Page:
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J Agric Food Chem. 2011 Jun 8;59(11):5852-8. doi: 10.1021/jf102673s. Epub 2010 Sep 27.

Relevance of traditional integrated pest management (IPM) strategies for commercial corn producers in a transgenic agroecosystem: a bygone era?

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Department of Crop Sciences, N-305 Turner Hall, University of Illinois, 1102 South Goodwin Avenue, Urbana, Illinois 61801, USA.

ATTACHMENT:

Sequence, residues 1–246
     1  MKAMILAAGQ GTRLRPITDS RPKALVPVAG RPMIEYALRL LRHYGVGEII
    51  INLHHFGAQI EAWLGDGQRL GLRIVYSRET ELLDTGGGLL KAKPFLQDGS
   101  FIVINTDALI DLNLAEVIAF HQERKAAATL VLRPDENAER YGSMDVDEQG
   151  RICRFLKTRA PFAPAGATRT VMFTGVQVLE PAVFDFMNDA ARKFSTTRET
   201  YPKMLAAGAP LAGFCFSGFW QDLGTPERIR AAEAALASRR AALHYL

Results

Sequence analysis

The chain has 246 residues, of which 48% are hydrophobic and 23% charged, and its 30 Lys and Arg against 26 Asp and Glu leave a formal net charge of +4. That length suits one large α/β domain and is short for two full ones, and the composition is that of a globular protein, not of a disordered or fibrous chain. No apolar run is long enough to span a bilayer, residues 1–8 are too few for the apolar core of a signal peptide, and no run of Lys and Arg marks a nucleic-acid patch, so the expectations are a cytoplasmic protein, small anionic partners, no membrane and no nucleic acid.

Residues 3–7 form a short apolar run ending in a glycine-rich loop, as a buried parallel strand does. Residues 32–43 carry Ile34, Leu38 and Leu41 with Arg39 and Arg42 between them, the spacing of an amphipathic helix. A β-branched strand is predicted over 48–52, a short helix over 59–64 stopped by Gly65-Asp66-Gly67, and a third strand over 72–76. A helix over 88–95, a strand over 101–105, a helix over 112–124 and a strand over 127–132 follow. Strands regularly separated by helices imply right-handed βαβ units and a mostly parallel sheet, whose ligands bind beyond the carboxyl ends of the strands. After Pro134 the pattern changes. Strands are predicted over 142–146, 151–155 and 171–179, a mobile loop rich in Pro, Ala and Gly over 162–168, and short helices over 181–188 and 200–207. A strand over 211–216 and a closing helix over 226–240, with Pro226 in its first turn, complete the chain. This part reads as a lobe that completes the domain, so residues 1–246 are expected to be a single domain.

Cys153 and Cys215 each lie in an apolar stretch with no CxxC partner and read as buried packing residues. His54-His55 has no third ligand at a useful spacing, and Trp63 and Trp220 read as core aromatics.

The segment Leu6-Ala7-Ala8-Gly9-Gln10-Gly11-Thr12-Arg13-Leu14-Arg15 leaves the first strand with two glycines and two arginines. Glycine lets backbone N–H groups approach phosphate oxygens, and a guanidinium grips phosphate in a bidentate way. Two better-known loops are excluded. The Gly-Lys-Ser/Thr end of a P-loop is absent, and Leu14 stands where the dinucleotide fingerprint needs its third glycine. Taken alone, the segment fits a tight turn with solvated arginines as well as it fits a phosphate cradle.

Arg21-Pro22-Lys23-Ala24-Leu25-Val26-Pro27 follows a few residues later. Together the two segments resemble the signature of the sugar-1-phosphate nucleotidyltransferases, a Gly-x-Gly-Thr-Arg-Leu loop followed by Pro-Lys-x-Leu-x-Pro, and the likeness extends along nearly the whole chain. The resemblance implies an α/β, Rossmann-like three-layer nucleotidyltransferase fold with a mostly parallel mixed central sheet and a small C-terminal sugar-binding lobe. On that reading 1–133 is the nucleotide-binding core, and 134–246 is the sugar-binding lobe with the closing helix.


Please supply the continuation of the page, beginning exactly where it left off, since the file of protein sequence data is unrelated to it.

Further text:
The use of transgenic Bt maize hybrids continues to increase significantly across the Corn Belt of the United States. In 2009, 59% of all maize planted in Illinois was characterized as a "stacked" gene variety. This is a 40% increase since 2006. Stacked hybrids typically express one Cry protein for corn rootworm control and one Cry protein for control of several lepidopteran pests; they also feature herbicide tolerance (to either glyphosate or glufosinate). Slightly more than 50 years has passed since Vernon Stern and his University of California entomology colleagues published (1959) their seminal paper on the integrated control concept, laying the foundation for modern pest management (IPM) programs. To assess the relevance of traditional IPM concepts within a transgenic agroecosystem, commercial maize producers were surveyed at a series of meetings in 2009 and 2010 regarding their perceptions on their use of Bt hybrids and resistance management. Special attention was devoted to two insect pests of corn, the European corn borer and the western corn rootworm. A high percentage of producers who participated in these meetings planted Bt hybrids in 2008 and 2009, 97 and 96.7%, respectively. Refuge compliance in 2008 and 2009, as mandated by the U.S. Environmental Protection Agency (EPA), was 82 and 75.7%, respectively, for those producers surveyed. A large majority of producers (79 and 73.3% in 2009 and 2010, respectively) revealed that they would, or had, used a Bt hybrid for corn rootworm (Diabrotica virgifera virgifera LeConte) or European corn borer (Ostrinia nubilalis Hübner) control even when anticipated densities were low. Currently, the EPA is evaluating the long-term use of seed blends (Bt and non-Bt) as a resistance management strategy. In 2010, a large percentage of producers, 80.4%, indicated they would be willing to use this approach. The current lack of integration of management tactics for insect pests of maize in the U.S. Corn Belt, due primarily to the escalating use of transgenic Bt hybrids, may eventually result in resistance evolution and/or other unforeseen consequences.

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